The report was commissioned by the ministers of energy and industrial regeneration to formulate proposals for the future development of the wind sector, in the run-up to a national debate on the energy transition.
Although the report contains some positive proposals, such as simplifying the permitting process and giving local communities more say in decision-making, none is spelt out in detail or defined as urgent. Overall, the report contains "no vision for wind", lamented Nicolas Wolff, president of the French Wind Energy Association (FEE).
It recommends the phasing out over five years of the guaranteed premium purchase price and replacing it with annual competitive tenders. This, the report argues, would give the industry the necessary visibility and allow support to be channeled to those technologies offering the best opportunities for local job creation.
However, tenders have a very poor record in France, Wolff pointed out, while the tariff is a cornerstone, which offers the sector some stability.
Equally worrying is the recommendation that the regional wind power plans, which identify areas deemed favourable to wind power, be tightened up to show more precisely the areas where deployment is constrained. The report notes this would probably lead to a sizeable reduction in the favourable areas, "largely because of the cost of access and of connection to the network".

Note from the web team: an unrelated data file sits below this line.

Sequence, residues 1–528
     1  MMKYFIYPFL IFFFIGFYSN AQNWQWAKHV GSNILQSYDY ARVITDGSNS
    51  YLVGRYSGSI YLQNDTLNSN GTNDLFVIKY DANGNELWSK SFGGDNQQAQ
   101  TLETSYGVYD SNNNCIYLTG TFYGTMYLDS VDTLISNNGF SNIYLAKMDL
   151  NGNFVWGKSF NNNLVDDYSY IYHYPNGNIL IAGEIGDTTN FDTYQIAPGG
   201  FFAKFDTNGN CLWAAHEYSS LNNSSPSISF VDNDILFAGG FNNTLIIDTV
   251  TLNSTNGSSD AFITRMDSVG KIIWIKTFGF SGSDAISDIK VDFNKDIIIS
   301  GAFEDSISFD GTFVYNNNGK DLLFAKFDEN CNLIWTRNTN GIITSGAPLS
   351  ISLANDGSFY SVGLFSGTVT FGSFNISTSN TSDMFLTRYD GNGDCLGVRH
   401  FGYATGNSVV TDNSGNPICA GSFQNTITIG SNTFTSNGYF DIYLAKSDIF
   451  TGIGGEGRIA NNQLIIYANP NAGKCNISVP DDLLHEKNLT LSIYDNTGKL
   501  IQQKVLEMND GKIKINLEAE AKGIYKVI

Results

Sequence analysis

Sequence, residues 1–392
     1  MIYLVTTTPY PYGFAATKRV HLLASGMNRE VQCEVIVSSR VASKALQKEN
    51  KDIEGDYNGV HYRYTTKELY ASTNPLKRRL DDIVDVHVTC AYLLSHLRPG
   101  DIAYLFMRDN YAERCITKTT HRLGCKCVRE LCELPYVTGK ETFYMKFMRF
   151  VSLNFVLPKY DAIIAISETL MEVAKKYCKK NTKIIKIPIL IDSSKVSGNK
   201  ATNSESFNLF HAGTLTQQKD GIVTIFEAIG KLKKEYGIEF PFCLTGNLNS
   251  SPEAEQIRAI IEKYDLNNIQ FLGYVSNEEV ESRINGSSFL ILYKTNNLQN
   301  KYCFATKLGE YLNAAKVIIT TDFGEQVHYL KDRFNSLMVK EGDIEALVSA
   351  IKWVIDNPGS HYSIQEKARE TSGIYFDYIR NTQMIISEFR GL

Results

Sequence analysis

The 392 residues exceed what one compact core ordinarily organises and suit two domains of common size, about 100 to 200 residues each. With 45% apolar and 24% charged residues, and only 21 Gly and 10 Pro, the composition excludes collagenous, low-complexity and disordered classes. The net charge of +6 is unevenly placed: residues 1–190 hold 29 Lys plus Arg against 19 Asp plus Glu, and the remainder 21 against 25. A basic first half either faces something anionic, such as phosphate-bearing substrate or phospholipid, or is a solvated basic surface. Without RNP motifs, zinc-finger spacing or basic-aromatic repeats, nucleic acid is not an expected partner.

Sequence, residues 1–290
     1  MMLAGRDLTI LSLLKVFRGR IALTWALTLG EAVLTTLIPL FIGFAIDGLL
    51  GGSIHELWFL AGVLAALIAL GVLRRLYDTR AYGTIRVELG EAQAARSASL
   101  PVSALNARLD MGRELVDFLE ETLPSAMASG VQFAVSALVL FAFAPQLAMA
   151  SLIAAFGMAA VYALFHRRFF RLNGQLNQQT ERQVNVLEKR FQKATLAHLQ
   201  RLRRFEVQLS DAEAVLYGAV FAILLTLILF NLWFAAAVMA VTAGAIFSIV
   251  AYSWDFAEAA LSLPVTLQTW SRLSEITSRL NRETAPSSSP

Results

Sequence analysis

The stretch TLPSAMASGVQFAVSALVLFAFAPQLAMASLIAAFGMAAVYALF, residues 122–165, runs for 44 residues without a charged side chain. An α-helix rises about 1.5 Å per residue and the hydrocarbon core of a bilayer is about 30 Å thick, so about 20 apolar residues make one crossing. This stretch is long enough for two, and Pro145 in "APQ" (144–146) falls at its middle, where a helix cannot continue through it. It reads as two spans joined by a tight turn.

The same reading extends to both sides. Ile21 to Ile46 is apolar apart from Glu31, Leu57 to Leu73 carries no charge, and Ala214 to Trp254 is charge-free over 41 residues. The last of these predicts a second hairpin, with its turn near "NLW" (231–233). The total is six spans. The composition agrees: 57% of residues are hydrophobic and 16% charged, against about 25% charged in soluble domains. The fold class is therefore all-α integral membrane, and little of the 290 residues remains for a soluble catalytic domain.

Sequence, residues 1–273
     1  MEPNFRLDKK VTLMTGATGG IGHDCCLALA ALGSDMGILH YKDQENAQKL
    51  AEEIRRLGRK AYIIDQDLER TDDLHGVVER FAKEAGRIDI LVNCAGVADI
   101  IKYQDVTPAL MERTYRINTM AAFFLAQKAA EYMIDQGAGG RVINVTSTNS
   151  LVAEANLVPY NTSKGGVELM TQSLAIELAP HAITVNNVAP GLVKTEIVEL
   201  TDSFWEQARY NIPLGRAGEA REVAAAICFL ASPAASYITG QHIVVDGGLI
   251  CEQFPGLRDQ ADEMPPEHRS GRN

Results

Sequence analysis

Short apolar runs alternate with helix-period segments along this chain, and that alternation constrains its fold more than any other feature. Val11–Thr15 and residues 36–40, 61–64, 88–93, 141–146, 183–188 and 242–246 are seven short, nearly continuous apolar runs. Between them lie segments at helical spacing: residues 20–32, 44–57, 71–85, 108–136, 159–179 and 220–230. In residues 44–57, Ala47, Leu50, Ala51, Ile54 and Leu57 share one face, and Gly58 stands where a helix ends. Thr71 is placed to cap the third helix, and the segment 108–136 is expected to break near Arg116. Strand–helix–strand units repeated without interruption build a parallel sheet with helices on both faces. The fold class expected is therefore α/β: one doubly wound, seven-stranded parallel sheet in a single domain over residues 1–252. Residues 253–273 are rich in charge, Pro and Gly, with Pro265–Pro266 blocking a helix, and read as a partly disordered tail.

The cost of wind comes up a lot in the report, including the argument that the French consumer is largely subsidising imports of foreign equipment. This is wrong, said Wolff. The industry accounts for around EUR950 million in exports and just over EUR1 billion in imports and the balance will soon tip over into positive figures, he added. It now remains to be seen which recommendations, if any, the government pursues in the forthcoming debate.
According to trade body the Renewable Energy Syndicate, there may be room for optimism.Energy and environment minister Delphine Batho is said to have described the report as "a very imperfect report that merits further work".